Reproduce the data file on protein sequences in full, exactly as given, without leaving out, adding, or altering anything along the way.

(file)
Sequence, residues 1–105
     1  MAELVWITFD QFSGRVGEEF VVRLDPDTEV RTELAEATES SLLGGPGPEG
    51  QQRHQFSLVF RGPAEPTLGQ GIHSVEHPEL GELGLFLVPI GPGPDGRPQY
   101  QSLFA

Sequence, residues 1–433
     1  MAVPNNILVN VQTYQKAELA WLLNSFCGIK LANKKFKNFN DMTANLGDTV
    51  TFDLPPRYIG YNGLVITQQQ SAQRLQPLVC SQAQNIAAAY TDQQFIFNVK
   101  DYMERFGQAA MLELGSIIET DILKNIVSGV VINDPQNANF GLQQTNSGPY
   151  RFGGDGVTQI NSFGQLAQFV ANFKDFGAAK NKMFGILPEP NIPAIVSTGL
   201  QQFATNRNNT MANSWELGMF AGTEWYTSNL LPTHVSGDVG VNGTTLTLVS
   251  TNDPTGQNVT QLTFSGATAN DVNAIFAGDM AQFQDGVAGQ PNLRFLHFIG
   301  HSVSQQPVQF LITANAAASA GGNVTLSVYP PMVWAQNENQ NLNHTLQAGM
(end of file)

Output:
Sequence, residues 1–105
     1  MAELVWITFD QFSGRVGEEF VVRLDPDTEV RTELAEATES SLLGGPGPEG
    51  QQRHQFSLVF RGPAEPTLGQ GIHSVEHPEL GELGLFLVPI GPGPDGRPQY
   101  QSLFA

Sequence, residues 1–433
     1  MAVPNNILVN VQTYQKAELA WLLNSFCGIK LANKKFKNFN DMTANLGDTV
    51  TFDLPPRYIG YNGLVITQQQ SAQRLQPLVC SQAQNIAAAY TDQQFIFNVK
   101  DYMERFGQAA MLELGSIIET DILKNIVSGV VINDPQNANF GLQQTNSGPY
   151  RFGGDGVTQI NSFGQLAQFV ANFKDFGAAK NKMFGILPEP NIPAIVSTGL
   201  QQFATNRNNT MANSWELGMF AGTEWYTSNL LPTHVSGDVG VNGTTLTLVS
   251  TNDPTGQNVT QLTFSGATAN DVNAIFAGDM AQFQDGVAGQ PNLRFLHFIG
   301  HSVSQQPVQF LITANAAASA GGNVTLSVYP PMVWAQNENQ NLNHTLQAGM